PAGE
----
We all smirk when we walk past those bargain book racks.
There’s the familiar cover image of Fabio and his bride. They’re on a farm, or a pirate ship, or surrounded by an ancient castle, but the story remains the same. It’s formulaic, easily churned out, and costs a few bucks. It’s boring and badly written, but it brings in the cash, and the writers know it.
Now imagine that rack is your blog.
Unfortunately, it’s more likely than you think. It’s one thing to write well, but it’s another thing to write well and with a purpose. When that purpose is manipulating the cold, robotic heart of a search engine, it’s easy to fall into the mechanical tropes of bad SEO.
Your search engine optimized (SEO) content should read like a great thinkpiece, something from Vice, The Atlantic, or any other reputable editorial source or as something that offers true value to a reader. It should be informative, pleasant, and unique. And most importantly, the reasons are more than “just because.”
It Increases Reader Engagement
Your readers need you. If they’re Googling about an unfamiliar or challenging topic – mental illness, buying their first home – they’re likely on edge, stressed out and in need of help. If your blog explains things logically, like a real person would, they will listen to you. They’re put off by obviously placed keywords and phrases, stuff that sounds robotic and calculated.
Even if what you’re selling isn’t as dire, customers still want good writing. Take, for instance, this blog post from food subscription box Blue Apron. The author uses a personal anecdote, vivid descriptions, and other devices your high-school English teacher would go gaga over. It’s engaging, and you want to read more. Which leads us to…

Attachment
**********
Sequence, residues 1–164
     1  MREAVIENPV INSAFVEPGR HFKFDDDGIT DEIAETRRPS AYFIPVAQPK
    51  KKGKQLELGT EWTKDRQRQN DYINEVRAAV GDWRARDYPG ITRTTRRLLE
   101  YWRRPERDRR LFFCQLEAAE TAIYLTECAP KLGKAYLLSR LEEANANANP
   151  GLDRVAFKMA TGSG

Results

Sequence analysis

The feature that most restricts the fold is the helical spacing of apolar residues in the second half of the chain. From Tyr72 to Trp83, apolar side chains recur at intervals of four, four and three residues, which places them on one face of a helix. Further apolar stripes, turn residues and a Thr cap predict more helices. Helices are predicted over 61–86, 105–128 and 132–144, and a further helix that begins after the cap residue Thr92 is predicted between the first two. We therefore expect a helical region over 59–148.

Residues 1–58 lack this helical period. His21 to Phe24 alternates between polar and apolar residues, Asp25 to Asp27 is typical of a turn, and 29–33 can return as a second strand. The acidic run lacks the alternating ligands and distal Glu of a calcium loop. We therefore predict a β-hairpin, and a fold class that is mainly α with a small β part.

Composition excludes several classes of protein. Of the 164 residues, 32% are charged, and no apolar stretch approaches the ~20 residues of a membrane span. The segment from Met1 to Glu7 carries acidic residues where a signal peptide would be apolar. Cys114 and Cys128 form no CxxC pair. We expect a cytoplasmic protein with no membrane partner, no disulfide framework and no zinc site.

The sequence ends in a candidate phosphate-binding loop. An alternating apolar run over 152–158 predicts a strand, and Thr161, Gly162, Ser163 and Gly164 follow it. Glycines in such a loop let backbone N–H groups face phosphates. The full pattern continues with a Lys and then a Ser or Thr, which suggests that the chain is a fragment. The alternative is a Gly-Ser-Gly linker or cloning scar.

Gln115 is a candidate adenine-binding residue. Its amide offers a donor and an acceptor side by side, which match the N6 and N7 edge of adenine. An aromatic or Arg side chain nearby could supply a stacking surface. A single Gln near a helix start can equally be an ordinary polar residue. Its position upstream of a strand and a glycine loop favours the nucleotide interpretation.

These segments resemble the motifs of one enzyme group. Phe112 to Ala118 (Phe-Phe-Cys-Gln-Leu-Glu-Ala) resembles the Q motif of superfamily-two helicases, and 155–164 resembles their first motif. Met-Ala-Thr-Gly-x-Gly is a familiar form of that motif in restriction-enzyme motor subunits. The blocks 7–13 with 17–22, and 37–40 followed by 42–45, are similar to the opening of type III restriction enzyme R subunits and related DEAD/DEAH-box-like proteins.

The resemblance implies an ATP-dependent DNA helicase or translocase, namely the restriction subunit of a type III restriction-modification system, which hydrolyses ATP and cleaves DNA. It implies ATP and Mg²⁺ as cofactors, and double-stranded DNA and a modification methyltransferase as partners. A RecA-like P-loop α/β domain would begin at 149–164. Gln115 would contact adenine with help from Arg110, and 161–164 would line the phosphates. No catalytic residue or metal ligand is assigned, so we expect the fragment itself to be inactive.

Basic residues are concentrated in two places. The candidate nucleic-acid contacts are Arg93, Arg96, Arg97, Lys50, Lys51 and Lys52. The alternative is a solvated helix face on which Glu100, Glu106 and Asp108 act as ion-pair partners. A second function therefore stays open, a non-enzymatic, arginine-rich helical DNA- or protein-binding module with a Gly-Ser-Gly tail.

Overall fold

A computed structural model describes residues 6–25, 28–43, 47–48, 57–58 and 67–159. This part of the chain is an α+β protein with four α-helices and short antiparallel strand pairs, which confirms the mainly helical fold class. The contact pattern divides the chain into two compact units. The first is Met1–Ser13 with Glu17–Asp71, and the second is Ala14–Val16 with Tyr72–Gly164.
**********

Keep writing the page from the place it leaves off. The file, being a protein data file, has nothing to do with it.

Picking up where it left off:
It Keeps Readers Coming Back
Take a look at the Facebook pages you “Like”. Remember why you “Liked” them? For whatever reason, they were so good that you said “yes, I want to see this as I scroll through my feed when I can’t sleep.” When you Google something, you want answers. When you “Like” something, you want stimulation.
When readers come back to your blog, it’s because they see the same thing. If you want them to come back, you’ve got to give them more than an answer to a question. You need challenging, unique topics. You need good writing.
The phrase “thought leader” is tossed around like candy these days. Like candy, it’s nauseating, but the logic is sound. Good writing can make you a thought leader for your own little circle of followers.
And Yes, Just Because
The internet is a crowded place. It’s full of low-effort content from the unwashed masses, all vying for our attention. The narrative of technology “dumbing us down” is tired and trite, but there’s still something to be said for quality. What stands out to potential customers – and to search engines focused on unique, relevant content that readers find valuable – is information that has a purpose.
Write better because it sells, write better because it works. But mostly, do it because you can.